Mar 11, 2013 19:00 Cuba  6–7  Netherlands   Tokyo Dome 3:52 7,613 Boxscore
Mar 12, 2013 19:00 Netherlands  6–10  Japan   Tokyo Dome 3:30 30,301 Boxscore

Pool 2[edit]

  Preliminaries Qualifiers Seeding
                             
DR   Italy 4  
CW   Dominican Rep. 5  
  W1   Dominican Rep. 3  
  W2   United States 1  
CR   Puerto Rico 1
DW   United States 7  
  W4   Dominican Rep. 2 2W
  W5   Puerto Rico 0 2R
L1   Italy 3  
L2   Puerto Rico 4  
  W3   Puerto Rico 4
  L4   United States 3  
Date Local Time Road Team Score Home Team Inn. Venue Game Time Attendance Boxscore
Mar 12, 2013 13:00 Italy  4–5  Dominican Republic   Marlins Park 3:17 14,482 Boxscore
Mar 12, 2013 20:00 Puerto Rico  1–7  United States   Marlins Park 3:22 32,872 Boxscore
Mar 13, 2013 19:00 Italy  3–4  Puerto Rico   Marlins Park 3:46 27,296 Boxscore
Mar 14, 2013 19:00 Dominican Republic  3–1  United States   Marlins Park 3:17 34,366 Boxscore
Mar 15, 2013 19:00 Puerto Rico  4–3  United States   Marlins Park 3:24 19,762 Boxscore
Mar 16, 2013 13:00 Puerto Rico  0–2  Dominican Republic   Marlins Park 2:58 25,846 Boxscore

Championship round[edit]

Semifinals Final
           
2R  Puerto Rico 3
1W  Japan 1
SF1W  Puerto Rico 0
SF2W  Dominican Republic 3
1R  Netherlands 1
2W  Dominican Republic 4

Semifinals[edit]

Date Local Time Road Team Score Home Team Inn. Venue Game Time Attendance Boxscore
Mar 17, 2013 18:00 Puerto Rico  3–1  Japan   AT&T Park 3:27 33,683 Boxscore
Mar 18, 2013 18:00 Netherlands  1–4  Dominican Republic   AT&T Park 3:09 27,527 Boxscore

Final[edit]

Date Local Time Road Team Score Home Team Inn. Venue Game Time Attendance Boxscore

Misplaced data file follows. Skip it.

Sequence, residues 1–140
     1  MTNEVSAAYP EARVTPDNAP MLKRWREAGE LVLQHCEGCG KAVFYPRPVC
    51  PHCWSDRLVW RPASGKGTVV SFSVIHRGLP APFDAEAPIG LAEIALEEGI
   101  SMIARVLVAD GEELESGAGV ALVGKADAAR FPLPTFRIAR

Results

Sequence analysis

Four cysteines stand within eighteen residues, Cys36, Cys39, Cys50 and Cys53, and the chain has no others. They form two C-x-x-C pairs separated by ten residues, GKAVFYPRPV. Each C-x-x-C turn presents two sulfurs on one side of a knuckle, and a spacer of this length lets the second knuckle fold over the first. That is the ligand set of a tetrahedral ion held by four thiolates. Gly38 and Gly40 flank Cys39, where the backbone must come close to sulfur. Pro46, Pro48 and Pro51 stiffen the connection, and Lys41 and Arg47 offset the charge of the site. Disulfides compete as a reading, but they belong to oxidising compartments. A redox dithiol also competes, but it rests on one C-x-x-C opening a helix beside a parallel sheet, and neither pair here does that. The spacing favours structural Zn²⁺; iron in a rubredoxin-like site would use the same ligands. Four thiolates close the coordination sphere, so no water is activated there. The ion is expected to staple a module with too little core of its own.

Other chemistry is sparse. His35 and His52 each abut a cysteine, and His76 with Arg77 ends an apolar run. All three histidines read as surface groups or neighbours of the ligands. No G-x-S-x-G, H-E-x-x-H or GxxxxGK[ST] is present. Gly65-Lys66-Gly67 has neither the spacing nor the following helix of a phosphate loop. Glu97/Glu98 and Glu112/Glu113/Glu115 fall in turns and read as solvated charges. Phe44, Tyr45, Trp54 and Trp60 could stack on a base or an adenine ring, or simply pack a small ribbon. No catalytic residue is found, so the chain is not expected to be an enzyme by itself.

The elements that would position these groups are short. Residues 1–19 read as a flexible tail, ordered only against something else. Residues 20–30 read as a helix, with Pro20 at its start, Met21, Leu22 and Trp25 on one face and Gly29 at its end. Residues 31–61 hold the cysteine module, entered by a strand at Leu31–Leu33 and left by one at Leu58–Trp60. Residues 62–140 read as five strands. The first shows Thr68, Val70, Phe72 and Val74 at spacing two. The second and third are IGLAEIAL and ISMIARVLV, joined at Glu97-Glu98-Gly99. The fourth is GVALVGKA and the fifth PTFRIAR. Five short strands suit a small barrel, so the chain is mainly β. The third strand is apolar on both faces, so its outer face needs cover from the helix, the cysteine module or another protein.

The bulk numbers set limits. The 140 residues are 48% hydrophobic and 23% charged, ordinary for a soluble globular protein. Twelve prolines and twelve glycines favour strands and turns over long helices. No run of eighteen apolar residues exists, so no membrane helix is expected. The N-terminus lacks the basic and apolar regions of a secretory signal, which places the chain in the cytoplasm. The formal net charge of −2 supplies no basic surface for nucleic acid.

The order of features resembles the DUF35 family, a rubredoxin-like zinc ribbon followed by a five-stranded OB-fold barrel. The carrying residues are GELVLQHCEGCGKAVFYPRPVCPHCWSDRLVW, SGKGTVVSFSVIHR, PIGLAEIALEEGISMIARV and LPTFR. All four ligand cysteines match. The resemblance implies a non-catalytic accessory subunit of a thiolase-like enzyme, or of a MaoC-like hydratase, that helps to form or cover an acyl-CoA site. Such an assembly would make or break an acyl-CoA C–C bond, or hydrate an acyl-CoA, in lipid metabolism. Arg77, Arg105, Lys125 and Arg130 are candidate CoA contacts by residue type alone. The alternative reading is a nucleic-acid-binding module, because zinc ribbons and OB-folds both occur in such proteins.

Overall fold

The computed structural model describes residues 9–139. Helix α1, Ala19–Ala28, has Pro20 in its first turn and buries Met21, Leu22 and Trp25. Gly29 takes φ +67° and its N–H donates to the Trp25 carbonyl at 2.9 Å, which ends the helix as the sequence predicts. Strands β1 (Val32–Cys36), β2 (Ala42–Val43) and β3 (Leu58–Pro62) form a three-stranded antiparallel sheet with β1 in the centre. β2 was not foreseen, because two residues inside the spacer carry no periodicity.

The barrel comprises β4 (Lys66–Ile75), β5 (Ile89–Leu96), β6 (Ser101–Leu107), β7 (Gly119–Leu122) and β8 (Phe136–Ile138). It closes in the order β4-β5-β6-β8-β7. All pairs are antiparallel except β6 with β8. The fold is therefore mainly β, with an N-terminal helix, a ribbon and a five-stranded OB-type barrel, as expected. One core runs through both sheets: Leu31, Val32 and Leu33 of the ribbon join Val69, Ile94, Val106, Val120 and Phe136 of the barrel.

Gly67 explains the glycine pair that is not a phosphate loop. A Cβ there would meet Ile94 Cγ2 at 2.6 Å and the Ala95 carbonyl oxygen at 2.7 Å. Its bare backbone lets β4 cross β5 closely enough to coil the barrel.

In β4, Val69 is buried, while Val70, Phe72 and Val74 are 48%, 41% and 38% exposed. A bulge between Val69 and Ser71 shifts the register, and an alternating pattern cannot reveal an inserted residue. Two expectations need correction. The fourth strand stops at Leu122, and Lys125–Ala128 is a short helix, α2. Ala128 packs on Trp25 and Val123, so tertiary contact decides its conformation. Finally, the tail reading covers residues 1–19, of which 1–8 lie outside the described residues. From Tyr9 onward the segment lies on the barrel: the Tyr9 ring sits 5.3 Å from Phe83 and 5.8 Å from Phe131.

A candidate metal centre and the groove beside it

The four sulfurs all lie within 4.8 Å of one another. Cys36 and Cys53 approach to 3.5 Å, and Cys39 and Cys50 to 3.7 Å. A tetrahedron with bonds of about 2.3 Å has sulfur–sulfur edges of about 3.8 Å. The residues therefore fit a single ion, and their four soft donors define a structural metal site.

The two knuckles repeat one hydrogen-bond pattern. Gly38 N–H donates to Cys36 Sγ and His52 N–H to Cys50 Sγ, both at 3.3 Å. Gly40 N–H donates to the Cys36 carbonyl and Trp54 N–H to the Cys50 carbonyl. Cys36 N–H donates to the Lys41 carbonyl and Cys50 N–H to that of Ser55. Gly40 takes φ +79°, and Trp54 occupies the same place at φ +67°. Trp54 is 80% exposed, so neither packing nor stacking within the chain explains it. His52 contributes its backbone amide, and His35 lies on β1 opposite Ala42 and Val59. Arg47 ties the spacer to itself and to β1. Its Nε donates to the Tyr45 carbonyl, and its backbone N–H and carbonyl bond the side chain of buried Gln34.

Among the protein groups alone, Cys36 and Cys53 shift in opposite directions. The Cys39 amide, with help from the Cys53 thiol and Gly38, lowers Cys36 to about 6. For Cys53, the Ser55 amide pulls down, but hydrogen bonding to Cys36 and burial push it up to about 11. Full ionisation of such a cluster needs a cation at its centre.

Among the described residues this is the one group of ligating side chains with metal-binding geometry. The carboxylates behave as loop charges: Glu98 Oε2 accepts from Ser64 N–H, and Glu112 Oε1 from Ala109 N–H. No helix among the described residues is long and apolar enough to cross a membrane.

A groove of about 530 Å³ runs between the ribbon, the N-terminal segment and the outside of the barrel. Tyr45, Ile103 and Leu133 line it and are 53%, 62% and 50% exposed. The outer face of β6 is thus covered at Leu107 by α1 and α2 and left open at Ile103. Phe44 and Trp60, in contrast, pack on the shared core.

Mar 19, 2013 17:00 Puerto Rico  0–3  Dominican Republic   AT&T Park 3:06 35,703 Boxscore

Final standings[edit]

Attendance[edit]

781,438 (avg. 20,037; pct. 59.5%)

First round[edit]

359,243 (avg. 14,968; pct. 50.2%)

  • Pool A – 79,168 (avg. 13,195; pct. 34.2%)
  • Pool B – 69,834 (avg. 11,639; pct. 58.2%)
  • Pool C – 95,058 (avg. 15,843; pct. 86.7%)
  • Pool D – 115,183 (avg. 19,197; pct. 45.3%)
    • Chase Field – 110,705 (avg. 22,141; pct. 45.5%)
    • Salt River Fields at Talking Stick – 4,478 (avg. 4,478; pct. 40.7%)

Second round[edit]

325,282 (avg. 27,107; pct. 68.8%)

  • Pool 1 – 170,658 (avg. 28,443; pct. 67.7%)
  • Pool 2 – 154,624 (avg. 25,771; pct. 70.1%)

Championship round[edit]

96,913 (avg. 32,304; pct. 77.1%)

  • Semifinals – 61,210 (avg. 30,605; pct. 73.0%)
  • Final – 35,703 (avg. 35,703; pct. 85.2%)

All–WBC team[edit]

Position Player
C Puerto Rico Yadier Molina
1B Dominican Republic Edwin Encarnación
2B Dominican Republic Robinson Canó
3B United States David Wright
SS Dominican Republic José Reyes
OF Dominican Republic Nelson Cruz
Puerto Rico Ángel Pagán
Canada Michael Saunders
DH Japan Hirokazu Ibata
P Puerto Rico Nelson Figueroa
Japan Kenta Maeda
Dominican Republic Fernando Rodney

Statistics leaders[edit]

Additional rules[edit]

Once again there were limits on the number of pitches thrown in a game, though the limits themselves were changed from the previous tournament:

  • 65 pitches in First Round (down from 70 in 2009)
  • 80 pitches in Second Round (down from 85 in 2009)
  • 95 pitches in Championship Round (down from 100 in 2009)

If a pitcher reached his limit during an at bat, he was allowed to finish pitching to the batter, but was removed from the game at the end of the at bat.

A pitcher must:

  • Not pitch until a minimum of four days have passed since he last pitched, if he threw 50 or more pitches when he last pitched;
  • Not pitch until a minimum of one day has passed since he last pitched, if he threw 30 or more pitches when he last pitched;
  • Not pitch until a minimum of one day has passed since any second consecutive day on which the pitcher pitched;

For purposes of the pitcher use limitation rules, both semifinal games were to be deemed to have been played on the day of the latest semifinal game.

A mercy rule came into effect when one team led by either fifteen runs after five innings, or ten runs after seven innings in the first two rounds.